What Will Happen to Wildlife at Stilson?

What Will Happen to Wildlife at Stilson?

Keeping Wildlife on the Move: Safe Passages at Stilson Park

The extreme seasonality of climate and distribution of habitat in Jackson Hole require most wildlife to move both seasonally and as a part of their daily lives.  Oftentimes, the movement patterns and migration routes of the Valley’s iconic wildlife intersect with our sprawling road system. This is where wildlife crossings come in – innovative structures designed to keep both wildlife and motorists safe.

Teton County has been a leader in wildlife crossings both in Wyoming and nationally. In 2019, The Jackson Hole Conservation Alliance helped our community approve a $10 million Special Purpose Excise Tax (SPET) specifically for wildlife crossing projects. This funding, along with collaboration between Teton County, the Wyoming Department of Transportation (WYDOT), and federal agencies, has led to significant progress for our wild neighbors who must navigate our sprawling road system.

Below is a snapshot of the local crossing projects from our 2022-23 Coexistence Report.

One particularly exciting development is the installation of wildlife underpasses on Highway 390 and Highway 22 at Stilson Park in Wilson, Wyoming (#1 in the image above, being completed currently).  This high-traffic area has been a known wildlife-vehicle collision hotspot. By constructing underpasses, wildlife will have a safe passage beneath the roads, reducing the risk of wildlife vehicle collisions.

The underpasses at Stilson Park are intended to reduce the number of wildlife collisions on both Highways 390 and 22, as the Greater Stilson area has been a hotspot for wildlife vehicle collisions, especially moose, shown below (Jackson Hole Wildlife Foundation data from 2011-2021).

A schematic of the concrete box crossing structures and locations (#3 and #4 on road map)

In this time of rapid change and activity at Stilson, it’s important for us to anticipate wildlife behavior change and to do all that we can to help them navigate safely to and from the new highway underpasses.  Critically, both of the underpasses empty into Stilson Park, so what we decide to do, or not do, there is now more critical then ever!  A major north-south travel corridor in the Snake River riparian complex for moose, elk, mule deer, and other wildlife is at stake!

What are the anticipated changes in wildlife activity patterns?

Research has shown that the presence of roads and human activity can significantly alter the activity patterns of wildlife. Animals may change the location and timing of activities to avoid human development and activity, with some species becoming more nocturnal to evade daytime disturbances. The installation of wildlife crossings at Stilson is expected to have an impact on the wildlife that is known to use that area – namely moose and elk.

Nocturnality and Crossing Behavior

One of the most significant changes anticipated with the new crossings is an adjustment in nocturnal behaviors. Studies have indicated that animals like elk and moose modify their crossing behavior to avoid peak human activity times, with elk crossing earlier in the morning and later in the evening, and moose opting for later at night (see figures below). This shift towards increased nocturnality is a direct response to the need to navigate human disturbances safely.  What we do at Stilson at night really matters – that is when wildlife are going to be traveling through.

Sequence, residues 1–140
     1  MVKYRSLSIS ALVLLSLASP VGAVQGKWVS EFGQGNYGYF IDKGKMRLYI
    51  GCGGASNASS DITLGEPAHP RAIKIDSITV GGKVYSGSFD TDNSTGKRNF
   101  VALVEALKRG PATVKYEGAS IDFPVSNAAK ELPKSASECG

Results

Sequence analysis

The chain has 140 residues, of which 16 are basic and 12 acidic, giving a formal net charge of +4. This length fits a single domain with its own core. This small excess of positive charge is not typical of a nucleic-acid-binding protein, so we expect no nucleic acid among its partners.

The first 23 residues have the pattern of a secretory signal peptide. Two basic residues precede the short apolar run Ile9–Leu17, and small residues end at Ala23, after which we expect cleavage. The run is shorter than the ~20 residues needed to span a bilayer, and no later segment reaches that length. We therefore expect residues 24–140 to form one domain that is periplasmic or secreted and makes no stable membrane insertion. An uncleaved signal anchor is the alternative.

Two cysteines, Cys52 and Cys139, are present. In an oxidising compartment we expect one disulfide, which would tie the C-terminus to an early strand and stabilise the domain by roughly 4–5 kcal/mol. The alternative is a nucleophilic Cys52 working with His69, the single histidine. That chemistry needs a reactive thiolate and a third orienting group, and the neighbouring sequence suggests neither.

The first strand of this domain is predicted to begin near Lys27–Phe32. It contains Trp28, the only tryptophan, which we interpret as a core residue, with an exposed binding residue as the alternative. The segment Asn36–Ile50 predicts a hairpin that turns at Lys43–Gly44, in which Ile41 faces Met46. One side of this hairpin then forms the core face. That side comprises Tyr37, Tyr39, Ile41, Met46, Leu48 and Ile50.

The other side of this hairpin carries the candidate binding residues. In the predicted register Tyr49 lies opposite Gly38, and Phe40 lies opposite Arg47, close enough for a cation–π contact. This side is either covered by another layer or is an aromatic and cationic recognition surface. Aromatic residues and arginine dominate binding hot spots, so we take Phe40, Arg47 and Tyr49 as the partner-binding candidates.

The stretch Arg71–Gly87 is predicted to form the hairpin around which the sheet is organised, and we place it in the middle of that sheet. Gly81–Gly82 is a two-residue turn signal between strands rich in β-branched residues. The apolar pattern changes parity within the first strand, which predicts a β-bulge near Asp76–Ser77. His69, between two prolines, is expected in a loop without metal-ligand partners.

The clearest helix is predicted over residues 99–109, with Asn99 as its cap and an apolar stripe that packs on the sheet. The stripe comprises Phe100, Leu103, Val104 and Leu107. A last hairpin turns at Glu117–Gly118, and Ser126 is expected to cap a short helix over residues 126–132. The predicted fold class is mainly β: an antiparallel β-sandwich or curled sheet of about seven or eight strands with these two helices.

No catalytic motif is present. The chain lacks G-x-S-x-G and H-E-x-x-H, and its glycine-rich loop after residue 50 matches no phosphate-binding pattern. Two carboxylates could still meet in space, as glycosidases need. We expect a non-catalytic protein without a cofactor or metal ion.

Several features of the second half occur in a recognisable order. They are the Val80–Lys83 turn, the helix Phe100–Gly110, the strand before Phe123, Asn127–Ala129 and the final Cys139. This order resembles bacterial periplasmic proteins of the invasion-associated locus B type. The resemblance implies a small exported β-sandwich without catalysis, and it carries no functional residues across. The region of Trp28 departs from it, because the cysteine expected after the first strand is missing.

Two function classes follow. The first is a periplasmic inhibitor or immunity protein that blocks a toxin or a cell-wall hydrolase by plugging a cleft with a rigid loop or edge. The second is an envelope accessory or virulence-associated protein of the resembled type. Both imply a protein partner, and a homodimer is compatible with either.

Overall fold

Data from Banff National Park front-country crossing structures vs. backcountry crossings (Baruetto et al. 2014).  The difference between the orange line (backcountry) and blue line (wildlife crossing structure) indicates how each species changed their road crossing behavior at a wildlife crossing. Both elk and moose showed increased nocturnality when using the wildlife crossings.

A Worldwide Increase in Nocturnality

A recent meta-study of 163 species across 103 projects all around the world found that as human activity increased, generally mammals showed increased nocturnality.  There were differences between different types of animals (see figure below from Burton et al. 2024), bur generally, animals moved their activities to night time to avoid human encounters.

The Role of Human Management

An essential factor in the success of wildlife crossings is the management of human development and activity around these structures. Poorly planned and inconsiderate development at Stilson would render the publicly funded multi-million dollar underpasses defunct. Limited and intelligent development that includes appropriately wide travel corridors, and properly managed human activity. These considerations will allow wildlife to trust the safety of these underpass crossings. Considerate planning enhances the safety and connectivity of animal and human populations in the Valley.

Below is how the Jackson Hole Conservation Alliance envisions the future of Stilson: A transit center and a wildlife corridor – nothing else!

The Future of Stilson

The installation of new wildlife crossings at Stilson in Wilson, Wyoming, represents a significant step forward in conservation efforts to maintain our iconic wildlife in Jackson Hole. By providing safe passage for animals across highways 22 and 390, these crossings are expected to reduce habitat fragmentation and the impact of roadways on wildlife. 

To maximize the success of the new underpasses, we should remove barriers to animal movement, keeping an open 600 foot wildlife corridor, closing Beckely Parkway at night, and keeping other development out of this important wildlife area. 

As we move forward, the continued study and responsible management of these crossing structures and Stilson Park will be vital in ensuring safe passage for our wildlife. 


Phone: (307) 733-9417
685 S. Cache St. PO Box 2728
Jackson, Wyoming 83001